Being good enough at guitar to get into prestigious Berklee College of Music, ironically, almost ruined Jared James Nichols’ musical career.
The then-17-year-old kid from Wisconsin was convinced by his mom to try a four-day camp at the Boston institution. He showed so well that the school offered him a scholarship the following year. At the time, it sounded like a great idea.
“So I get to Berklee, and I pick my classes,” said Nichols, now 30, by phone from Las Vegas, during an off day on his current tour. “There was sight reading, note writing, conducting in keyboard, etc. Now, you take this kid, obsessed with fuzz guitar and Albert King and put him in a conducting class. No. A month in and the shine was wearing off.
“I was almost afraid to play guitar,” Nichols continued. “It was like ‘You have to do it this way.’ I just wanted to play. I just wanted to be in a band. I already knew where I wanted to go with it. So I said I wanted to quit. The dean brings me into his office to sign something (to end the scholarship). And he says ‘If you sign this paper, you’re signing away your music career.’”
Nichols still scoffs all these years later.
“What a dick.”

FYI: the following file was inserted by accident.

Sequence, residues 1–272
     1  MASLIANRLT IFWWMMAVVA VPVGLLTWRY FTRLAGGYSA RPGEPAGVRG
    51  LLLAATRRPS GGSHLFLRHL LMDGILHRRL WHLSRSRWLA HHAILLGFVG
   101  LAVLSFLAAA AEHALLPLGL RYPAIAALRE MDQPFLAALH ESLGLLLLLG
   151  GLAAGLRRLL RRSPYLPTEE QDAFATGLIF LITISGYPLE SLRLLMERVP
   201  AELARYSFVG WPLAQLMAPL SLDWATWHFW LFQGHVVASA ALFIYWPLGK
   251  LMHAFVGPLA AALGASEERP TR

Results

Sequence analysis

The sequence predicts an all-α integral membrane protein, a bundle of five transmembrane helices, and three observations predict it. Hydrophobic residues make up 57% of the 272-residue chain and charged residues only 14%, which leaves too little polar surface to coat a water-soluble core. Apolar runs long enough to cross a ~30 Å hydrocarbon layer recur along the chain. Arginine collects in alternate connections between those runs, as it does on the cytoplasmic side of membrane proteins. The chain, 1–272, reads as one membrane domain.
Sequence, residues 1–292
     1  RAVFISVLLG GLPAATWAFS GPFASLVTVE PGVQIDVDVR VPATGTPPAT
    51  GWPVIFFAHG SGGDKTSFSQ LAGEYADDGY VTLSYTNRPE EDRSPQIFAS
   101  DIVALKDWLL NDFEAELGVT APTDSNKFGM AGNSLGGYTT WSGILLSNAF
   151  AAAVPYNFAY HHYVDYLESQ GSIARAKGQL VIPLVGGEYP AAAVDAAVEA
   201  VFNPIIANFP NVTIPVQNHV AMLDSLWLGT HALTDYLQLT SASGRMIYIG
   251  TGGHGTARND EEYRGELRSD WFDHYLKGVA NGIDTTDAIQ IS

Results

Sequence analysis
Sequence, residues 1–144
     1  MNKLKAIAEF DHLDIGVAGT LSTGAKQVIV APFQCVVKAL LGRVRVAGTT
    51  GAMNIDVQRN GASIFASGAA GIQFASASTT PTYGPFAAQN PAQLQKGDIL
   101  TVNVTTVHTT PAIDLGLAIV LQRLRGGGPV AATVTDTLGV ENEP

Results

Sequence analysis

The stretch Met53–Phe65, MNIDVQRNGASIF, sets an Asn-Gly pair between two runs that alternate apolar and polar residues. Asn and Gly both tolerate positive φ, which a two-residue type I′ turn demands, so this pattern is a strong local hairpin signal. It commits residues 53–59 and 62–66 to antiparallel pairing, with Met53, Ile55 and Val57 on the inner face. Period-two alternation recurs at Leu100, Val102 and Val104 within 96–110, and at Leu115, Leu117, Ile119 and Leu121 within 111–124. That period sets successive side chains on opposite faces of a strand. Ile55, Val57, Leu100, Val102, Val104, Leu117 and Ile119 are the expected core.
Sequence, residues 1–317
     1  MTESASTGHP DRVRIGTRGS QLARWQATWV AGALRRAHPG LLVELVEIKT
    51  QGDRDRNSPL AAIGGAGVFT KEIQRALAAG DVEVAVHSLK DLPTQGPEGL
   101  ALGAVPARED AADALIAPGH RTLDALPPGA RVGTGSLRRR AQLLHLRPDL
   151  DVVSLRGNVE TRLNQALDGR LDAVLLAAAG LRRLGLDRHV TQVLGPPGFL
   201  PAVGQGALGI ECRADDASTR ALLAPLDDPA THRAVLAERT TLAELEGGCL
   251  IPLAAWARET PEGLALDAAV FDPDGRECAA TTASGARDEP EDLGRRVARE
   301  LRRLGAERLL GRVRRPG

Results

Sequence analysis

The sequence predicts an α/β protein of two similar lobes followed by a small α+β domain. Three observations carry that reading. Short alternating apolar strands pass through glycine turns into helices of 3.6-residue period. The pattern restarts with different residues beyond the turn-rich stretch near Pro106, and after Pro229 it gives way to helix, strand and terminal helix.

Of course, on cue, rebellion ensued. The experience pushed him into a life of bending rules like B.B. King bent strings. He even stopped playing with a plectrum. He decided to do it his way and hasn’t looked back since.
Jared James Nichols is seemingly a musical paradox. He was born when pointy Day-Glo guitars and big hair ruled, yet would fit snuggly into an Allman Brothers side project. He came of age when technology nearly killed vinyl, yet pounds the road like his career depends on it. He’s a Midwestern guy who made his name in Hollywood, yet hasn’t recorded for a big label.
He’s even a lefty who plays right-handed.
“I was told to,” Nichols said. “My first teacher said, ‘You’ve got to flip it. I’m like, ‘but Jimi Hendrix is a lefty.’ He said ‘All the great guitars are right-handed. And I don’t want to teach you left-handed.’”
Carving a career based on his own vision doesn’t make Nichols a bird-flipping rebel. He smiles and interacts with his audience, no matter the size. At Slim’s in San Francisco in September, he went directly from stage to the merch table to sell his own stuff, remaining until fans stopped lining up.
He talks fast and he talks a lot, generally about one thing.
“I don’t think you can replace the power of live music,” said Nichols, who along with drummer Dennis Holm and bassist Baron Fox (son of The Cult’s keyboardist Damon Fox) is currently touring with Fozzy. “For me, that’s everything.
“Don’t get me wrong, I get the creative part of the music. But the connection comes from being in the room, whether it’s 15 people or 1,500.”
Nichols comes from East Troy, Wisconsin, a town claiming barely 4,000 residents when he left in 2011. It’s also where one of Nichols’ heroes, Stevie Ray Vaughan, died in a helicopter crash after playing the Alpine Valley Resort in 1990, not long after Nichols was born. He had a unique way of commemorating the anniversary.